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What are the differences in the process of fission and fusion?
Question Date: 2007-02-23
Answer 1:

Fission processes take nuclei (for example, Uranium) and split them. In the process of splitting the atom, a huge amount of energy is released. However, the downside is that the smaller atoms that are formed by the process are typically radioactive. Nuclear reactors can utilize the fission process to generate electricity, and nuclear bombs are simply an uncontrolled fission process driven by a chain reaction.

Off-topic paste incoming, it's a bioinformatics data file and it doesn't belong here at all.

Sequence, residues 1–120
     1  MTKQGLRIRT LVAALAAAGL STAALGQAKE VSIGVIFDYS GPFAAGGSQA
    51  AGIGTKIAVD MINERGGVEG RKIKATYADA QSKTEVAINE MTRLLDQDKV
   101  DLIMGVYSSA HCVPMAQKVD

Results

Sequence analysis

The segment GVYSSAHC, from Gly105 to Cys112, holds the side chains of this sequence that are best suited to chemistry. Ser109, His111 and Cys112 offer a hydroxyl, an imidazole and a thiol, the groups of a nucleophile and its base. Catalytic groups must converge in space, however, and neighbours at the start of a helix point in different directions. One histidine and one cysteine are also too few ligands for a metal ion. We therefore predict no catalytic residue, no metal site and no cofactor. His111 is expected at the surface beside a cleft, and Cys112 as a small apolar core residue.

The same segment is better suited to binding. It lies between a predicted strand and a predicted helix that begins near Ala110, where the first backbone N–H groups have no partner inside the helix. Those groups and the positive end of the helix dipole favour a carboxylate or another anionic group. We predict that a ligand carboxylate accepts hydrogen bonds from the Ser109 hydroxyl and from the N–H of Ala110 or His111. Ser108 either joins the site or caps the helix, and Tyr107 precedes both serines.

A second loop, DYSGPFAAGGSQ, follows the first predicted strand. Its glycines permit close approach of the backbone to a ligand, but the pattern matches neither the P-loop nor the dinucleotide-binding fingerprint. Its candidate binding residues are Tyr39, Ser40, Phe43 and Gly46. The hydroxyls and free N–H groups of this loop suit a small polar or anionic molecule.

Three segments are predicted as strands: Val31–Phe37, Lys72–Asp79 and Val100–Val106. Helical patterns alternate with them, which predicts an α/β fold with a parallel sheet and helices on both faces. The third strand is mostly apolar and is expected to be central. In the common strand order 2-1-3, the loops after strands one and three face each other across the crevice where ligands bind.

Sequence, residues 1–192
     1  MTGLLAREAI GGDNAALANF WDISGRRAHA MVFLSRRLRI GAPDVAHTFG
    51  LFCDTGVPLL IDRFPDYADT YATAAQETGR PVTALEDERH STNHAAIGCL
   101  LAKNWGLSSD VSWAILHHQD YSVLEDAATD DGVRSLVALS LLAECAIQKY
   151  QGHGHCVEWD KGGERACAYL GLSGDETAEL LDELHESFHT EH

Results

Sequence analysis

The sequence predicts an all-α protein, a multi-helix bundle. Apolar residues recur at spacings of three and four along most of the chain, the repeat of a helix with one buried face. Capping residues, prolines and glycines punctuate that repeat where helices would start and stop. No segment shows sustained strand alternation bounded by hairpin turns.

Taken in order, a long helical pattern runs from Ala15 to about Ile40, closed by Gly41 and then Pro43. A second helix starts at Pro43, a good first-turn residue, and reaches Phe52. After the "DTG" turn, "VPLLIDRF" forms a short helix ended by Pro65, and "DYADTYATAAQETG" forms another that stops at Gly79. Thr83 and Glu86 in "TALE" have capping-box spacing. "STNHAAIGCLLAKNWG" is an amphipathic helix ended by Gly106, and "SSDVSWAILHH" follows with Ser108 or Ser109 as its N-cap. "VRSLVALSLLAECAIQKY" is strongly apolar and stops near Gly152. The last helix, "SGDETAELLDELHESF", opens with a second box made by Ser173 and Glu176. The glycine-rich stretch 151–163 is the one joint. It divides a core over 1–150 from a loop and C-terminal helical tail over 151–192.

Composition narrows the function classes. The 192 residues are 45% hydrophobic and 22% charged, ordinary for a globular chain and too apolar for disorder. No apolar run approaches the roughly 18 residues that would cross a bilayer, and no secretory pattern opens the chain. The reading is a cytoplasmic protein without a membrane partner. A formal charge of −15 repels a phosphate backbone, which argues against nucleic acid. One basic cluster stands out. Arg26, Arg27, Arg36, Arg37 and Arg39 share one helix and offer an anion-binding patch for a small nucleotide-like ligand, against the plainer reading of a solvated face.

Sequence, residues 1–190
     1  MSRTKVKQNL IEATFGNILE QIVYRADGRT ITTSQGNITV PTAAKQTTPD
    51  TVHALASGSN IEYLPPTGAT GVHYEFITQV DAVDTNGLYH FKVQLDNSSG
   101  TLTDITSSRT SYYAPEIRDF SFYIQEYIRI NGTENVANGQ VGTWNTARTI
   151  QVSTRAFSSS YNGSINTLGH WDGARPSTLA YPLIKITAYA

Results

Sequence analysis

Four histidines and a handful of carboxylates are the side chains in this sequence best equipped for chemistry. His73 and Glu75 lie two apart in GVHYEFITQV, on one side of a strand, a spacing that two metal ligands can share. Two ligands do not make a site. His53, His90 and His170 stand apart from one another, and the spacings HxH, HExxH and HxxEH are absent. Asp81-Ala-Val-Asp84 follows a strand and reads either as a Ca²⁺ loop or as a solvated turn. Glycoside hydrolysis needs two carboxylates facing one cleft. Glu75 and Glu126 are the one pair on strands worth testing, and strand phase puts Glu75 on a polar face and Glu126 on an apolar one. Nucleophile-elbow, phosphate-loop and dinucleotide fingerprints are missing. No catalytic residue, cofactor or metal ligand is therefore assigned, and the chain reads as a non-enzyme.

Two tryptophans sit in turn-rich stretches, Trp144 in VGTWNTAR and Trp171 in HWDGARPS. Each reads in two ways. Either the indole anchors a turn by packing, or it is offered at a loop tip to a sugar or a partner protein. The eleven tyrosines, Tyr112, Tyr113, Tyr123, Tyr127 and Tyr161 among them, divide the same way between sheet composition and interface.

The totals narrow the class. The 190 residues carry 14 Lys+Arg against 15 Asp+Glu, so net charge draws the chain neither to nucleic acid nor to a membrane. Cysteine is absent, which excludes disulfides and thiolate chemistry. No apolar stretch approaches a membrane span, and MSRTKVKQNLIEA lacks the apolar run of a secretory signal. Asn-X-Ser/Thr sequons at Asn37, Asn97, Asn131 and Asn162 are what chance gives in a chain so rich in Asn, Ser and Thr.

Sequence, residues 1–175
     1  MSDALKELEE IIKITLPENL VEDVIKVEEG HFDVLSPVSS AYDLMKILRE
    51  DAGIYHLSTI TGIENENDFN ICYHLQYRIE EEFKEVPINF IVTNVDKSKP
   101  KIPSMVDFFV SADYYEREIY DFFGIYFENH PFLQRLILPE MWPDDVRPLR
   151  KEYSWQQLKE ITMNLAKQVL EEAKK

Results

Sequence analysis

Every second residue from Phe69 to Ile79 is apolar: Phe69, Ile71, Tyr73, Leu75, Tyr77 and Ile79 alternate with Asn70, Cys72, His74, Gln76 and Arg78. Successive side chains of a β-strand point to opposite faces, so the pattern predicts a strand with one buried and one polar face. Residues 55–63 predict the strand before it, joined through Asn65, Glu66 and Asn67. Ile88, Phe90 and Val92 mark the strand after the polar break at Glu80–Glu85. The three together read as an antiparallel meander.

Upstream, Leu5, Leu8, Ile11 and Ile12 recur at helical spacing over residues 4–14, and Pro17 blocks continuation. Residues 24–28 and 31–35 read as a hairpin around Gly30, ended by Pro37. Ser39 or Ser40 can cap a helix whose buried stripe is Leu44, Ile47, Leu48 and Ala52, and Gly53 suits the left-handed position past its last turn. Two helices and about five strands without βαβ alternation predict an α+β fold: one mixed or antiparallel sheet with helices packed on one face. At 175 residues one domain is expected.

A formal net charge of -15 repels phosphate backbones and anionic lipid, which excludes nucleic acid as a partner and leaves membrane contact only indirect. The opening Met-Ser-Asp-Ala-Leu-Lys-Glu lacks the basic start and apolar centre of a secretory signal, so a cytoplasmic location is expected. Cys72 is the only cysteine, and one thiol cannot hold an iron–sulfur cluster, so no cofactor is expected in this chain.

Fusion processes, on the other hand, take smaller nuclei and combine them together to make a larger nucleus. The fusion process also releases a lot of energy. However, the difficulty with this process is getting two nuclei (both positively charged) to collide and combine. Controlling the fusion process to generate electricity has not yet been demonstrated, although an uncontrolled process can be used in weapons. Also, the appropriate conditions for fusion also exist in extreme conditions such as in stars. For example, the sun's nuclear process is a fusion process.

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